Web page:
Sandor J. Demeter

Contributor

Dr. Sandor Demeter is a Nuclear Medicine and Public Health physician and an Associate Professor in the Department of Community Health Sciences at the University of Manitoba. He recently completed the Fellowship in Global Journalism program at the Dalla Lana School of Public Health – University of Toronto.

7 Contributions
by Sandor J. Demeter

Could Australia’s recent radiation scare happen in Canada?

The recent massive search in Western Australia for a highly radioactive ceramic disc that had fallen off a truck drew worldwide attention. Amazingly, the tiny capsule was found. But could a similar incident happen in Canada?

by Sandor J. Demeter

Your teeth can reveal how much radiation you’ve been exposed to

Ontario Tech scientists team with dentists to measure life-long radiation exposure in people living close to nuclear power plants.

by Sandor J. Demeter

Newfoundland and Labrador first province to impose a sugar tax to combat obesity and diabetes. Will it work?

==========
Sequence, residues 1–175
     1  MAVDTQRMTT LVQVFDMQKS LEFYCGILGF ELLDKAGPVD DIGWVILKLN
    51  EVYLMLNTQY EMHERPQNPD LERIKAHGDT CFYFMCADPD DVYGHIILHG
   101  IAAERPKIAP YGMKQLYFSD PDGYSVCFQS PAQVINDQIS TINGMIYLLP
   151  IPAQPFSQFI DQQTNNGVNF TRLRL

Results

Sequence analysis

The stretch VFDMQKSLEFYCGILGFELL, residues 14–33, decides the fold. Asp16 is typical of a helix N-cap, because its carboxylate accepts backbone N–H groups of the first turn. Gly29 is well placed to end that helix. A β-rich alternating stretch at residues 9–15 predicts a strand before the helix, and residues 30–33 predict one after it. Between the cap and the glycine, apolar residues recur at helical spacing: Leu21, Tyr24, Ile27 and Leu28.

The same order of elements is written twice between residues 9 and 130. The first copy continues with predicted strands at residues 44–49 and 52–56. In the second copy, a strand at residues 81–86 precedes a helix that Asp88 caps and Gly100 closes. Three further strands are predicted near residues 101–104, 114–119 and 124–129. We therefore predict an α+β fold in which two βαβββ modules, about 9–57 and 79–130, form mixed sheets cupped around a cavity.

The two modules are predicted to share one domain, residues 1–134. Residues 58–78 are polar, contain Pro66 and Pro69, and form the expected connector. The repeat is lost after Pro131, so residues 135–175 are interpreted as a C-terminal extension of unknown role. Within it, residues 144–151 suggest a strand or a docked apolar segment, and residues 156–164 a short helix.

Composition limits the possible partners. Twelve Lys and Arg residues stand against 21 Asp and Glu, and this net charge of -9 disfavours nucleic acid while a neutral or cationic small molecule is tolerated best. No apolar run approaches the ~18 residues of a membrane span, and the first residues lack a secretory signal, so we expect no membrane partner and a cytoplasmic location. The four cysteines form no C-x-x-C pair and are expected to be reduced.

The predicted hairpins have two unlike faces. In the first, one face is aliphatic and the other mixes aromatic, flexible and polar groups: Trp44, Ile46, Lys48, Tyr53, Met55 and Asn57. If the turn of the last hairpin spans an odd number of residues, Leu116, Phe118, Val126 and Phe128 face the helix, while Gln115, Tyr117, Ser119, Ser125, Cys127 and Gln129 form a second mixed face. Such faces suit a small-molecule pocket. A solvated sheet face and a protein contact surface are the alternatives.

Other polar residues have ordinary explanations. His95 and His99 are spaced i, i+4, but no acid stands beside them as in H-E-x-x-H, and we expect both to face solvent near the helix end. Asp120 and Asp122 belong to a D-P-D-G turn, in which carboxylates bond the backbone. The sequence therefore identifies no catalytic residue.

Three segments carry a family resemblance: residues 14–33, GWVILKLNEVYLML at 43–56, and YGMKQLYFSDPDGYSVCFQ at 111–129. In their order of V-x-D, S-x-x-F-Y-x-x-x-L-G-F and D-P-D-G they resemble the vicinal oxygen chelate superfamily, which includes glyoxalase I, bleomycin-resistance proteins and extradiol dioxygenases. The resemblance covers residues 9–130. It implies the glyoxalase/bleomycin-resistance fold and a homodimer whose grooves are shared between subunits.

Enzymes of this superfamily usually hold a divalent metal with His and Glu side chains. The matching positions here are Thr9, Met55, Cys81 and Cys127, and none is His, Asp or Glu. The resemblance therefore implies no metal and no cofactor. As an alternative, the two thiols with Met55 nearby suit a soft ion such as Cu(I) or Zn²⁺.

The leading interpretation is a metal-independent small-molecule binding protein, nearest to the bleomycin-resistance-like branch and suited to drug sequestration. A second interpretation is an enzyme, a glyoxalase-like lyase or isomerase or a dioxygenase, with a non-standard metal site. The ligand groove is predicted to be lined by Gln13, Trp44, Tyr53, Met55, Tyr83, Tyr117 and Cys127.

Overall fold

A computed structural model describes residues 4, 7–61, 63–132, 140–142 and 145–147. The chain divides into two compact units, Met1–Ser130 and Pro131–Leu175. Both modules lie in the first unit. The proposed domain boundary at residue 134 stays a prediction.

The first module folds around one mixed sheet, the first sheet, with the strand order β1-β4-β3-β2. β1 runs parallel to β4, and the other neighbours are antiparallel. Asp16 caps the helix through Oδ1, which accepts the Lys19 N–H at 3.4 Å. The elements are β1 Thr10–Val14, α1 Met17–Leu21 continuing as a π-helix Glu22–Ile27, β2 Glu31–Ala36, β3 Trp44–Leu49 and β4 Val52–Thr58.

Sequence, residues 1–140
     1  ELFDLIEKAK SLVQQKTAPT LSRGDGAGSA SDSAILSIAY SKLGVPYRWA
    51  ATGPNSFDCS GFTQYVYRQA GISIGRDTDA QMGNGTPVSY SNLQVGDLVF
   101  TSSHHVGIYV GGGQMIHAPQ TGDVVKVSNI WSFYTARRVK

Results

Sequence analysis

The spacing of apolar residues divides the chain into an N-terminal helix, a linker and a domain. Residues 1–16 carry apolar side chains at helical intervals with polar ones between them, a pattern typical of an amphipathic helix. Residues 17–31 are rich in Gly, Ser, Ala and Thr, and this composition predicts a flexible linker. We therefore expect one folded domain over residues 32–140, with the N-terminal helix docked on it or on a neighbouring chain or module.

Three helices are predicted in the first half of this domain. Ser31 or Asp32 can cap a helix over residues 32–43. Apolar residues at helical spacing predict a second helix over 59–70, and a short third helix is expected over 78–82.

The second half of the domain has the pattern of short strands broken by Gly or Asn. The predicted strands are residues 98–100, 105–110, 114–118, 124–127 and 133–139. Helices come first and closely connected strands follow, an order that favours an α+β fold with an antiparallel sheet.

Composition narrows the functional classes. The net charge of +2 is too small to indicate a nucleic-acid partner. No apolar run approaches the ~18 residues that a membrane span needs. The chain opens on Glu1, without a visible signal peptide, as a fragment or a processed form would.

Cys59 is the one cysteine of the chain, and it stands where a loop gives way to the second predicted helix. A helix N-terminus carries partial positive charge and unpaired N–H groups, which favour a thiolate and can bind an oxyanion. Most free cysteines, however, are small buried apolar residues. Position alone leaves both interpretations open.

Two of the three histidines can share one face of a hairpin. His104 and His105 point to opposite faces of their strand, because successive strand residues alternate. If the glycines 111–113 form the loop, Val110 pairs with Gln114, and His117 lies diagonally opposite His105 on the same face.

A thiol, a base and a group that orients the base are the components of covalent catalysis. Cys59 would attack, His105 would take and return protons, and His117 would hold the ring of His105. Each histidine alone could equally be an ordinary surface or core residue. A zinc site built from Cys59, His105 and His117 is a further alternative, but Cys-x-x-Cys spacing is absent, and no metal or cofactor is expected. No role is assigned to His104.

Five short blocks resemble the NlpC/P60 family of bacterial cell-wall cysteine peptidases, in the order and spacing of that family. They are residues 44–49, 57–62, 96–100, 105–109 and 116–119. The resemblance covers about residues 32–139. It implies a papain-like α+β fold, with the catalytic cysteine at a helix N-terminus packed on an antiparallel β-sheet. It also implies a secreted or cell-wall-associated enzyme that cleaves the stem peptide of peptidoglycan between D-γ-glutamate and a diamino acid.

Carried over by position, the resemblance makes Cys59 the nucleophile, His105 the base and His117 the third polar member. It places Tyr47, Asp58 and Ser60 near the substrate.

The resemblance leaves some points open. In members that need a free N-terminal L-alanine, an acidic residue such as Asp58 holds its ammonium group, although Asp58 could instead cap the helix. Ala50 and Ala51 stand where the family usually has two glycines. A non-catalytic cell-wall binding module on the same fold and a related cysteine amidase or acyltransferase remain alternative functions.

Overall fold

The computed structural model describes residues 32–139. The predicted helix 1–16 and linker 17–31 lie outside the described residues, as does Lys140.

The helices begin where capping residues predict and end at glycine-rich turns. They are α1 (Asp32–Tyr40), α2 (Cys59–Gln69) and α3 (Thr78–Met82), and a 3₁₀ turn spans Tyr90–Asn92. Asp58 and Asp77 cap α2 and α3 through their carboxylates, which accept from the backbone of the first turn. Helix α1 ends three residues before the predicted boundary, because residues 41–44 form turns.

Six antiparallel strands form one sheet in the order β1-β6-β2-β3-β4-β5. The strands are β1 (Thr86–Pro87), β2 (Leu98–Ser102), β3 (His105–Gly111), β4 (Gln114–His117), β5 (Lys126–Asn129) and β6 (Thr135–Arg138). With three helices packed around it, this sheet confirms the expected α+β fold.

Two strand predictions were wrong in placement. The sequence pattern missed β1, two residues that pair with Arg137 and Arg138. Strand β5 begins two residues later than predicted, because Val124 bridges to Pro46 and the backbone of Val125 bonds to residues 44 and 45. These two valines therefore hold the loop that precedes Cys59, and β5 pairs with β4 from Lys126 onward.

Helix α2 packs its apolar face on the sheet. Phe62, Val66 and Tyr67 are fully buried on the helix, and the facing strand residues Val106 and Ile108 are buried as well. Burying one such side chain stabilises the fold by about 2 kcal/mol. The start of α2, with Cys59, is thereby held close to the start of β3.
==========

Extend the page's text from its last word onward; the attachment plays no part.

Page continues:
Newfoundland and Labrador is the first Canadian province to join the international beverage sugar-tax club. This effort aims to combat the "growing and silent epidemic" of diabetes impacting more than 11.7 million Canadians.

by Sandor J. Demeter

Indigenous-led solutions counter a diabetes epidemic

Health Canada frameworks can only go so far in addressing the diabetes epidemic. But Indigenous groups have put forward community-specific solutions to address some of the key contributors to diabetes, including diet and lifestyle.

by Sandor J. Demeter

Let’s stop the bickering: Canadians are weary of finger-pointing amid the health-care crisis

Canadians love their publicly funded health care. But it is time to stop normalizing our broken health-care system. Political leaders need to quit bickering about who pays for what and get on with actually fixing the problem.

by Sandor J. Demeter

Behind the scenes: The increasingly complex – and common – radiation treatment for cancer

Radiation therapy for cancer is becoming increasingly complex, sophisticated and personalized. Behind the scenes for most patients hides an invisible team hard at work.

by Sandor J. Demeter

New drug to treat prostate cancer may be out of reach for most Canadians

A new, last-hope prostate cancer treatment has been approved by Health Canada but may be out of reach for most of the more than 4,500 men who die of the disease each year.

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